• Language proficiency


Your language proficiency can give you a maximum of 28 points. And since Canadians speak both English and French, you’ll be awarded more points if you are proficient in both. Proficiency in one official language will gain you a maximum of 24 points and additional proficiency in the second one will give you 4 extra points. To prove your language proficiency, you will have to take any of the below tests:


  • IELTS – the general edition of this English test is available internationally and is recognized for immigration purposes
  • TEF- this French test is available in test centers across the world
  • CELPIP – this English test is only available in Canada and a few other international test centers
  • TCF Canada – this French test is available in test centers worldwide


Whichever test you use though, your score will be converted to Canadian language Benchmarks (CLBs) that range from 1 to 10. Ultimately, these tests are supposed to test your ability to listen, speak, read, and write English or French. So the higher your score, the better.


  • Arranged employment


You can get 10 points under “arranged employment” if you receive a full-time job offer from a Canadian employer and:


  • Don’t have a Canadian work permit but the job offer is supported by a positive Labour Market Impact Assessment (LMIA)
  • Currently work in Canada using an LMIA-based permit in any skilled profession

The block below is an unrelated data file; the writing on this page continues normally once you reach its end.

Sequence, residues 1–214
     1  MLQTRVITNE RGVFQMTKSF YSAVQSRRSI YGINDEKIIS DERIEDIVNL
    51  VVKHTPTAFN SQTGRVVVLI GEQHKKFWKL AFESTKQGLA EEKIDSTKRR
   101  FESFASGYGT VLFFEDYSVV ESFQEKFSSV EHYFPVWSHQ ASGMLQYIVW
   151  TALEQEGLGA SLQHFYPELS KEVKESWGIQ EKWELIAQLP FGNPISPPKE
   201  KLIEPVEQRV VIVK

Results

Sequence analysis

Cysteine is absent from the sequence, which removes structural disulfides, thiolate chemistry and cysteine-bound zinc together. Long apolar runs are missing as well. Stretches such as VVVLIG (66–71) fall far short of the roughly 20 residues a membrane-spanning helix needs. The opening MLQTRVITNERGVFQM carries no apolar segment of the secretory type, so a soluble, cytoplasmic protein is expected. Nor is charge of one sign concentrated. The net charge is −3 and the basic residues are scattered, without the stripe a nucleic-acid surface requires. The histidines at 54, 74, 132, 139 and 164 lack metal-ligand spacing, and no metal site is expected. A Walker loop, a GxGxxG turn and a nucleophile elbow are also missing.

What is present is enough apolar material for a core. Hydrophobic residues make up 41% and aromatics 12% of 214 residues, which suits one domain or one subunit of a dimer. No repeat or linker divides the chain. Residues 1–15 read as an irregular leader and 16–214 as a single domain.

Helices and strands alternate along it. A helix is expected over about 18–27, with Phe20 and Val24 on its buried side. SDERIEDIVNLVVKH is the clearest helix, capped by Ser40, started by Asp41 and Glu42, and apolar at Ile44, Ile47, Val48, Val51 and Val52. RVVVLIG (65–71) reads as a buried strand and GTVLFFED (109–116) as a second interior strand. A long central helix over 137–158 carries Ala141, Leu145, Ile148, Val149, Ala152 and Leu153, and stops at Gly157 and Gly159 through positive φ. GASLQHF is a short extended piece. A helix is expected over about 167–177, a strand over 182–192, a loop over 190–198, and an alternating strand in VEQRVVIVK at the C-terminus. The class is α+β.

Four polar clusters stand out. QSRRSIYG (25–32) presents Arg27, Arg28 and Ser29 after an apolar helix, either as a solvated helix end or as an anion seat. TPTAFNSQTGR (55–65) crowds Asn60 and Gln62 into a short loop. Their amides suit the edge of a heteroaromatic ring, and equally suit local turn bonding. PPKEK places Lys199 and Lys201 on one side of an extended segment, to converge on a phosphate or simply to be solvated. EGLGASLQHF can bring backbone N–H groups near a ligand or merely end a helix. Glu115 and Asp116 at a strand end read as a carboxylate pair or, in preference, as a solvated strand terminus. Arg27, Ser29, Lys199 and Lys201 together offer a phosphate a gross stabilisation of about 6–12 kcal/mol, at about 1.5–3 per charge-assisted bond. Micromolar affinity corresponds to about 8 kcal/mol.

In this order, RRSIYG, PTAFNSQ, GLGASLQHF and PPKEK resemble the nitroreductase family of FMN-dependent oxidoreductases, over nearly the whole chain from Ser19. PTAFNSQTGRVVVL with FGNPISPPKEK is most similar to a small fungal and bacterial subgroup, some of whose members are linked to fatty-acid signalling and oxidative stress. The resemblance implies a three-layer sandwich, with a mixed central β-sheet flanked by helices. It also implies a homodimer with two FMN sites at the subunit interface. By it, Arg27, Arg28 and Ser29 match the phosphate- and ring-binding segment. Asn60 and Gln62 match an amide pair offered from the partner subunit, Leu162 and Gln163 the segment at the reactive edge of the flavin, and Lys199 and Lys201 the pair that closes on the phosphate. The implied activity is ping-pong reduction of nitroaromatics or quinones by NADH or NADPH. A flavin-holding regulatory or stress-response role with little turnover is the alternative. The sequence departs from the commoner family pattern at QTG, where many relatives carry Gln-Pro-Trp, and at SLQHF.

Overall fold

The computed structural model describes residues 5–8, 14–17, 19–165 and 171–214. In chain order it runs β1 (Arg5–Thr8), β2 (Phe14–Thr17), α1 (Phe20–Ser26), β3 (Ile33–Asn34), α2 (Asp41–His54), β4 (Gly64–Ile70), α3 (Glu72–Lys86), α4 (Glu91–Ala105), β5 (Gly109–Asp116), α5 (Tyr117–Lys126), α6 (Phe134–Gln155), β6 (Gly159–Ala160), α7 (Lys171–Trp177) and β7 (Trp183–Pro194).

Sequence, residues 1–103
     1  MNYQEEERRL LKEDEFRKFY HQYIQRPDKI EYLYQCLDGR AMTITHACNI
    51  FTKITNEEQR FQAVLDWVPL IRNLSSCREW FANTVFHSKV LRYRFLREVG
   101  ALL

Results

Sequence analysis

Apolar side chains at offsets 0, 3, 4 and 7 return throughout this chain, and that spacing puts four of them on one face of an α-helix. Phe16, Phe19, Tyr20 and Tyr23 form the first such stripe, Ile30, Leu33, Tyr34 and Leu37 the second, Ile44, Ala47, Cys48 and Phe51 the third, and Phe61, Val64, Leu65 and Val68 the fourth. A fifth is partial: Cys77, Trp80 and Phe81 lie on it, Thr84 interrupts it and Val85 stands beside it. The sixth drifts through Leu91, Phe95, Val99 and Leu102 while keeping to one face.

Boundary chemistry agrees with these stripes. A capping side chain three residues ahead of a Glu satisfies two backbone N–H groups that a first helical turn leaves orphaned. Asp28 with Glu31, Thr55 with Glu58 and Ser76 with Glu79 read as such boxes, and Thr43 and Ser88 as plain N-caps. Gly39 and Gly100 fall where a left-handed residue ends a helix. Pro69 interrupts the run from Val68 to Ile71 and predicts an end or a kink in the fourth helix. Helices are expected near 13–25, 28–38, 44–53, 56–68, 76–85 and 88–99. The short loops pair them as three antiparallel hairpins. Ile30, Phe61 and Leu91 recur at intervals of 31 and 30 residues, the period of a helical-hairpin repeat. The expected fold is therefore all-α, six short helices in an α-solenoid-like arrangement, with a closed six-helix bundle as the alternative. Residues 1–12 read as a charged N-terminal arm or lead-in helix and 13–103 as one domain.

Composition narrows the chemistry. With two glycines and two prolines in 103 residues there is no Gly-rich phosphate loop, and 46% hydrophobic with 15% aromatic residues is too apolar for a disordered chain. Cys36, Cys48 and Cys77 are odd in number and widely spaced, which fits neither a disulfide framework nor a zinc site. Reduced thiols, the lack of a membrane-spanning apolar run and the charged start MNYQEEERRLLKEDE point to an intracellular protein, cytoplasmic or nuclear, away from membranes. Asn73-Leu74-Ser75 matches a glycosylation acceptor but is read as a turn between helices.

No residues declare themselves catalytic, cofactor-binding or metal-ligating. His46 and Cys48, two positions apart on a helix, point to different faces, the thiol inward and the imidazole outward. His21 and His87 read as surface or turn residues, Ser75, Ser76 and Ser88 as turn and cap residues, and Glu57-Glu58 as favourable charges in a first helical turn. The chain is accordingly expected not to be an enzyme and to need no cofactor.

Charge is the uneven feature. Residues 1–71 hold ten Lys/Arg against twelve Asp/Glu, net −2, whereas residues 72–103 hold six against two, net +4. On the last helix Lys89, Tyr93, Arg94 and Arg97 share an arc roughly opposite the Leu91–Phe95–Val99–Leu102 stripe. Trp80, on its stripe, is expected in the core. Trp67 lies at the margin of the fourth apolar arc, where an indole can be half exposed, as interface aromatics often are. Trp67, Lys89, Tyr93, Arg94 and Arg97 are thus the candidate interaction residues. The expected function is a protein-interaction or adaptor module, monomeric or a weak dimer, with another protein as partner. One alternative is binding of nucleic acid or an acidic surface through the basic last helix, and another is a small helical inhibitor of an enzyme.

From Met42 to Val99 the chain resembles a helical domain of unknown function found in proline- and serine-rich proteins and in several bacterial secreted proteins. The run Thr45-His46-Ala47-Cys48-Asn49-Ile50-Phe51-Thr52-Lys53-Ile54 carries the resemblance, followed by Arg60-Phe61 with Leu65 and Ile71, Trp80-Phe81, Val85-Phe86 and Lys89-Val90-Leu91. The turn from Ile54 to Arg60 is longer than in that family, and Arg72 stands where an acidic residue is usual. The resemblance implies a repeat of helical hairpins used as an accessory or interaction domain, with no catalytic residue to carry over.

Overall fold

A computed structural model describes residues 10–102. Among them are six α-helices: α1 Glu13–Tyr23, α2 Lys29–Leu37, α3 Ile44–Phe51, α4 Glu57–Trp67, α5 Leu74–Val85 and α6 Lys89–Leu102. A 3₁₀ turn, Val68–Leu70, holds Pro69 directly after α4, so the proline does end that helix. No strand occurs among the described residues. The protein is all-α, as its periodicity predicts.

• Authorized to work in Canada through an open work permit
  • Currently work in Canada on an LMIA-exempt work permit or one issued under a provincial/territorial agreement.


Do note that it is also very possible to immigrate to Canada without a job offer, through you will still need the 67 points for immigration to Canada.


  • Adaptability


You can get up to 10 points for proving that you and your family can easily become socially and financially well-adjusted in Canada. Some situations that can earn you points include:


  • At least one year of experience in a skilled occupation in Canada – 10 points
  • Previous research or study in Canada – 5 points
  • Arranged employment in Canada – 5 points
  • Having a spouse with a CLB score of 4 or higher – 5 points
  • Having a spouse who has studied or worked in Canada – 5 points
  • Having any relatives living in Canada – 5 points


How to improve your score for 67 points


Now that you understand the factors that affect your FSW score, here are some ways you can improve it:


  • Add on your education – get an additional diploma, certificate, or degree
  • Improve your language proficiency and take new tests
  • Find a way to secure arranged employment in Canada


What happens after scoring 67 points?


After scoring 67 FSW points, you need to now concentrate on getting your CSR score as high as possible. This is the only way to improve your chances of being invited to apply for permanent residence in Canada.


Editor in Chief - EmigrateCanada.com at EmigrateCanada.com | Website | + posts

Editor in Chief - EmigrateCanada.com

Dr. Montague John (PhD), is one of the World’s leading Canadian Immigration experts. Affectionately known as “Monty” he established EmigrateCanada.com more than 25 years ago and it has grown to be one of the most reliable sources of Canada Immigration information.

In 2022 Dr. Montague John (PhD) published his book, “How to Immigrate to Canada” as EmigrateCanada.com, which featured as Bestseller in its Category for several weeks. Montague co-ordinates all the qualified contributors at EmigrateCanada.com and serves as Editor-in-Chief.